Estimated read time: 2-3 minutes
This archived news story is available only for your personal, non-commercial use. Information in the story may be outdated or superseded by additional information. Reading or replaying the story in its archived form does not constitute a republication of the story.
SALT LAKE CITY – Utah’s Heart Gallery started 10 years ago with people brainstorming around a table.
“There was no money,” said Kathy Searle, Utah director of programs for the Adoption Exchange.
Still, “everyone was committed to doing this,” Searle said Wednesday night during the opening night of this year’s Heart Gallery at the state Capitol.
The annual event pairs children awaiting adoption with professional photographers, who take portraits of them to help them find permanent, adoptive homes.
“Here we are, 10 years later, and 185 kids have been able to find adoptive families,” Searle said.
This year’s gallery includes 35 portraits of 41 children, including three sibling groups. Twenty-five Utah photographers donated their time and talent to capture the children’s personalities.
Among the children was David, who said he has been in foster care since he was 8 years old.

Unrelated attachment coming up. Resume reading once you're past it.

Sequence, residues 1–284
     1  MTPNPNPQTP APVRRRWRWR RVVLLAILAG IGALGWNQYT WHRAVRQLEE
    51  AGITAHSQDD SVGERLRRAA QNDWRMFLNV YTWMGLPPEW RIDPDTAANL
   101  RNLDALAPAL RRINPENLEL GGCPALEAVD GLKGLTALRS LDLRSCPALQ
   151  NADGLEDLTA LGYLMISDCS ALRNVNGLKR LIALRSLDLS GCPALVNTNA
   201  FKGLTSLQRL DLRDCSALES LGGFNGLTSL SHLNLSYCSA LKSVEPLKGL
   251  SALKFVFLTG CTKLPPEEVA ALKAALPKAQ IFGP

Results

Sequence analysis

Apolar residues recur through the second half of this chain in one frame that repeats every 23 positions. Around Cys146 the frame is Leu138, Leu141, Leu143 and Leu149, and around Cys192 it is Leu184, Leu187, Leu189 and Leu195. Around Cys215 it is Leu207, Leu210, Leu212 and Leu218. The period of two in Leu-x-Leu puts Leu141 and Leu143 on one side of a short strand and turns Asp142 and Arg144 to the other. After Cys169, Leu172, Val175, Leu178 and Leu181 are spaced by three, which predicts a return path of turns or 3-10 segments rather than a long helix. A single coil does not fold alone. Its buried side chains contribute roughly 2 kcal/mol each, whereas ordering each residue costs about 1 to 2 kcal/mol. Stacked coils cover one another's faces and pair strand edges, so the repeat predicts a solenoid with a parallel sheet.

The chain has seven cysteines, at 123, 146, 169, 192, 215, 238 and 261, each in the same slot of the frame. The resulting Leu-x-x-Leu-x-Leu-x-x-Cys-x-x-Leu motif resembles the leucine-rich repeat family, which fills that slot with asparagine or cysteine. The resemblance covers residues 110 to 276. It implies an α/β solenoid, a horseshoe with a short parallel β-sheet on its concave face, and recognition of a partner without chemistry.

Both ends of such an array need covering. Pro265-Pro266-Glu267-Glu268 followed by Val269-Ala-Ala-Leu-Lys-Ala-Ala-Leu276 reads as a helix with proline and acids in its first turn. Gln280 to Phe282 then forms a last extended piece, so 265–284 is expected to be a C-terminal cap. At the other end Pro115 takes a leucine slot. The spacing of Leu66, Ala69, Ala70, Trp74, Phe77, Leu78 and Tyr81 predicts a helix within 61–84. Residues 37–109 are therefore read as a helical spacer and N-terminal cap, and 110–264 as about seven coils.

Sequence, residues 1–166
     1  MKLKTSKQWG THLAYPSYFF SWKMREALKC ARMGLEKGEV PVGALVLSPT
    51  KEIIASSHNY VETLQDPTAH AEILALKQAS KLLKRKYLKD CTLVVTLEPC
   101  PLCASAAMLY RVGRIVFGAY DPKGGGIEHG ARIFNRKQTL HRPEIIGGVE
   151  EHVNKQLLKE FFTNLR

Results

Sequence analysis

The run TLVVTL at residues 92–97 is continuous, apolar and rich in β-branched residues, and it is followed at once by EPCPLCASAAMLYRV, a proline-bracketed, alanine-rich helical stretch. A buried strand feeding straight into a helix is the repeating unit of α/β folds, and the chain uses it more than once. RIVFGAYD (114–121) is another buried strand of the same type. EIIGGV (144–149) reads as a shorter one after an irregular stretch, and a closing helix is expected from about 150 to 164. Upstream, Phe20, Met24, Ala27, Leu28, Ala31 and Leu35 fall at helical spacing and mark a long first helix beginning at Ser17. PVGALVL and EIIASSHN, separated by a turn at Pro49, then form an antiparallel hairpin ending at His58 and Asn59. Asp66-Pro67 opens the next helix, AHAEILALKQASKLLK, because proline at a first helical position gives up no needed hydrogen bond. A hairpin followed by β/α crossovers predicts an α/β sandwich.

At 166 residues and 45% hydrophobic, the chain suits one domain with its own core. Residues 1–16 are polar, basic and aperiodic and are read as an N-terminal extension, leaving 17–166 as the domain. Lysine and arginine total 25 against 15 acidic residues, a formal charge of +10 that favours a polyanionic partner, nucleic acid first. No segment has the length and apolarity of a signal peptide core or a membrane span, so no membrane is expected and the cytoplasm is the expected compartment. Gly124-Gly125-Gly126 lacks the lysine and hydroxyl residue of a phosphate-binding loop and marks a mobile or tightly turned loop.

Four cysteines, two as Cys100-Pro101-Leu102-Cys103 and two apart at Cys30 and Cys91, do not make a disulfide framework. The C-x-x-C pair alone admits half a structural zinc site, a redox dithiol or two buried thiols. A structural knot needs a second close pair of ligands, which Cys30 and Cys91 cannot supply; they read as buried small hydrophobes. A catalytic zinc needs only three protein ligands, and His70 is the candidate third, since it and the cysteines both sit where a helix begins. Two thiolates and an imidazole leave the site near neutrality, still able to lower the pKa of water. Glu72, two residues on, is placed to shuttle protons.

Working with photographer Karen Dorame, the 15-year-old said, made him feel like “Yes! I’m going to be adopted!”
Giovanny, 17, said he will finally be adopted this year after two failed adoptions and living with other families who talked about adopting him from foster care but didn't do it.
He has known the family who will adopt him since he was 11 years old, he said. They took care of him after one of his adoptions disrupted.
Knowing that they wanted to adopt him made him feel as if he were a good person.
“My self-esteem shot up so much because somebody wanted me,” he said.
David said he hopes to find a permanent family as well.
Adoption would bring stability to his life, he said.
“I feel like I’d have a happy home and a safe home, a home where everyone cares,” he said.
Searle said 333 children have been featured in the Heart Gallery since its inception and more than half have been adopted.
The portraits and information about each child are now available online. For the next year, the portraits will be displayed in various locations across the state.
Ann Silverberg Williamson, executive director of the Utah Department of Human Services, praised the long-standing partnership among the state, Adoption Exchange, private photographers and children in foster care awaiting adoption.
“The Heart Gallery is so aptly named because you have opened your hearts and allowed the community to see you,” Williamson said of the children.